PHOTO: Poppy wreaths abound at the Menin Gate in
A teacher once swept me into the words. I’ve bumped into the poem a number of times since then.
A fabric poppy in the display reminds me of the times that veterans greeted me at a doorway to buy a poppy to wear. I’d wind the wire stem around a handle of my gym bag and keep it there until the wire wore weak and the poppy fell off. Funny, the ripple effect of a poem.
Here I stand, reading a poem again, this time in another country.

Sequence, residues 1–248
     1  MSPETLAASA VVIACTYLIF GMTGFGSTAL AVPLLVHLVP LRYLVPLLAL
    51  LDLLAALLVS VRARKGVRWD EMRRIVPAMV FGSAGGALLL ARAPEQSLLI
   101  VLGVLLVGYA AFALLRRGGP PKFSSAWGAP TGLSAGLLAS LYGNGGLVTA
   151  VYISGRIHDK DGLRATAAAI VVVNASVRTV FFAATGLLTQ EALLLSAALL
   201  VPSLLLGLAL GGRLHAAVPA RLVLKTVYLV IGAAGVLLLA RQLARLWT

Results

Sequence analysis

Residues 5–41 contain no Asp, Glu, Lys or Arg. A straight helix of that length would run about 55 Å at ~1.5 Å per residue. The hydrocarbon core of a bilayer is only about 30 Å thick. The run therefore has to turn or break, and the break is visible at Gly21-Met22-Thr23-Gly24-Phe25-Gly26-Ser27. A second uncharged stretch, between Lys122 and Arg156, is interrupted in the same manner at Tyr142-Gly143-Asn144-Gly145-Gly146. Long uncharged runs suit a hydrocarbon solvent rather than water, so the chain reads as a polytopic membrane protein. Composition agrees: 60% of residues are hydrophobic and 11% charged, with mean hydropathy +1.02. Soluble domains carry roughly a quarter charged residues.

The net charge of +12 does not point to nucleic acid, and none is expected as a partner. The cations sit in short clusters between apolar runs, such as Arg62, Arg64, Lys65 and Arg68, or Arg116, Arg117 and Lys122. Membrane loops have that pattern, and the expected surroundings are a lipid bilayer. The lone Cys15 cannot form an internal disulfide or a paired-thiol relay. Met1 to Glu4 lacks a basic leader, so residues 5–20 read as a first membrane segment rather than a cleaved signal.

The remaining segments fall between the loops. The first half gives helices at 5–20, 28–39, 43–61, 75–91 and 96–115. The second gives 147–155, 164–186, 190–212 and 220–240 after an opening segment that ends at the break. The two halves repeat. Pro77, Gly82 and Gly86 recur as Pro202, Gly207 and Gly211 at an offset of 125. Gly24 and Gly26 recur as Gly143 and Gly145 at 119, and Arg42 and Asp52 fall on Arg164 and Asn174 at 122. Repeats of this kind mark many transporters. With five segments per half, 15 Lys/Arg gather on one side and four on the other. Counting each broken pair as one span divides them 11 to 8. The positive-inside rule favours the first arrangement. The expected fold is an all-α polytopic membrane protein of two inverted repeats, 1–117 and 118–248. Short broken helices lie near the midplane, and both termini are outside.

The display in the museum makes me realize the origin of the poppy remembrance. As much as
Between the crosses, row on row,
That mark our place; and in the sky
The larks, still bravely singing, fly
Scarce heard amid the guns below.
We are the Dead. Short days ago
We lived, felt dawn, saw sunset glow,
Loved and were loved, and now we lie
Take up our quarrel with the foe:
To you from failing hands we throw
The torch; be yours to hold it high.
If ye break faith with us who die
We shall not sleep, though poppies grow
Stand again, in another country.
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